Following the separation of his parents, Rodrigo (Adrián Ross) lives with his mother Valeria (Sophie Alexander-Katz) in a house on the outskirts of Mexico City. His relationship with her is one of excessive dependence: unhealthy and not without some repressed sexual desire. Then, one day, Valeria brings home Fernando (Fabián Corres), a man that is kind, patient and financially reliable. Rodrigo is filled with growing anger, as he feels Fernando is taking his place as the man of the house. And because of his possessiveness, he can’t stand the intimacy between Fernando and Valeria. Lonely and potentially violent, the boy begins to have dangerous thoughts. But Fernando is an extraordinary man who treats him well. And the woman he cherishes most in the world is in love with him. Rodrigo’s life slowly fills up with doubts, pain and a constant headache. As Rodrigo is falling into a spiral of madness, his reactions are becoming totally unpredictable.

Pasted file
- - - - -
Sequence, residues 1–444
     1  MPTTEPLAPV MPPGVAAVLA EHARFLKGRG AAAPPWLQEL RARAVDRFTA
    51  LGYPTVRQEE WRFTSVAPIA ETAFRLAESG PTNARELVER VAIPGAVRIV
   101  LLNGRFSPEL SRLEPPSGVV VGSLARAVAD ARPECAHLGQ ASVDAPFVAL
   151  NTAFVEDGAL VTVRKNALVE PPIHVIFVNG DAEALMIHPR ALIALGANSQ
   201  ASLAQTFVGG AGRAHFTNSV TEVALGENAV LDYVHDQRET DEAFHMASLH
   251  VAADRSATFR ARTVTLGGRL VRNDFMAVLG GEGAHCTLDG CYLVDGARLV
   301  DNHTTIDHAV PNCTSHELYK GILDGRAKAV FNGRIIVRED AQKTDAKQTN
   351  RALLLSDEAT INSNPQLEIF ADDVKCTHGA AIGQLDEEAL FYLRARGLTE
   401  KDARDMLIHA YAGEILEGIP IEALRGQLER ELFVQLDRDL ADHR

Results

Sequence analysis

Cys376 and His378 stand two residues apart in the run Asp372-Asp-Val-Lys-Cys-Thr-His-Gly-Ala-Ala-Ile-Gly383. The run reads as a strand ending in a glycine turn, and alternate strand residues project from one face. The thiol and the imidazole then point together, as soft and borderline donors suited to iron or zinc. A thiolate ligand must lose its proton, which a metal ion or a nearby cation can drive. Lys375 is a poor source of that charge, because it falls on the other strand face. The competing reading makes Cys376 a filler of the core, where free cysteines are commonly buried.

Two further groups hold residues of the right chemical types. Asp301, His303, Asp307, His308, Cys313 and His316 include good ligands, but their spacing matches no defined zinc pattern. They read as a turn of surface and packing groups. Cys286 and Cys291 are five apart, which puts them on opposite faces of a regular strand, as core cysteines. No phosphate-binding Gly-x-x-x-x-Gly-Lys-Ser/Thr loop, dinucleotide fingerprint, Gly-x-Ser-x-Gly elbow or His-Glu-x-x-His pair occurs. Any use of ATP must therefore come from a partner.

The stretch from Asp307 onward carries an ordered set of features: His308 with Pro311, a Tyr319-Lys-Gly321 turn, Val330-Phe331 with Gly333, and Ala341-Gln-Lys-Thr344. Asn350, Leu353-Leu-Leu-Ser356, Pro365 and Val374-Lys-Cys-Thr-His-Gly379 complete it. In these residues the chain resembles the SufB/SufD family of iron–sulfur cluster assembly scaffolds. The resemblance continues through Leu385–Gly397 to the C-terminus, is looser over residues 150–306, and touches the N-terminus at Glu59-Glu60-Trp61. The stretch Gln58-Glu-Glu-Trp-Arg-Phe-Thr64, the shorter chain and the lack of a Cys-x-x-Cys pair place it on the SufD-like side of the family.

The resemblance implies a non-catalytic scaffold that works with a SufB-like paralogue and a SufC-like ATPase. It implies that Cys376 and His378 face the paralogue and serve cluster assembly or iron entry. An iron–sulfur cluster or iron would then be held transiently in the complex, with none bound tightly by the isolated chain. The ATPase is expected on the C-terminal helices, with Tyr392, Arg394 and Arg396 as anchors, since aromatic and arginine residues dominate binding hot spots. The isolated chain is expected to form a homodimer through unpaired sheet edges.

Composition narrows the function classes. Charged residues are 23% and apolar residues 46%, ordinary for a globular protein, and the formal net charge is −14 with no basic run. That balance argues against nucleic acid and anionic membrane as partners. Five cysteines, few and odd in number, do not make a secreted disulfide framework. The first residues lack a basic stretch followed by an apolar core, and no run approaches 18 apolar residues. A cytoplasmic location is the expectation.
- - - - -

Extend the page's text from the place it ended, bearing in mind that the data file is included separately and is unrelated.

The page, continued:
An immensely difficult and well-observed character study, with memorable performances, Summer White is (surprisingly) the debut feature of director Rodrigo Ruiz Patterson. The filmmaker develops a highly complex story, without taboos, with a well-balanced precision and strength. The tension constantly increases to reach levels that are sometimes difficult to bear for viewers. Our only Mexican film of the year will not leave anyone indifferent. It certainly moved audiences at Sundance and Málaga Spanish Film Festival, where it won awards for Best Iberoamerican Film, Best Screenplay and Best Supporting Actor.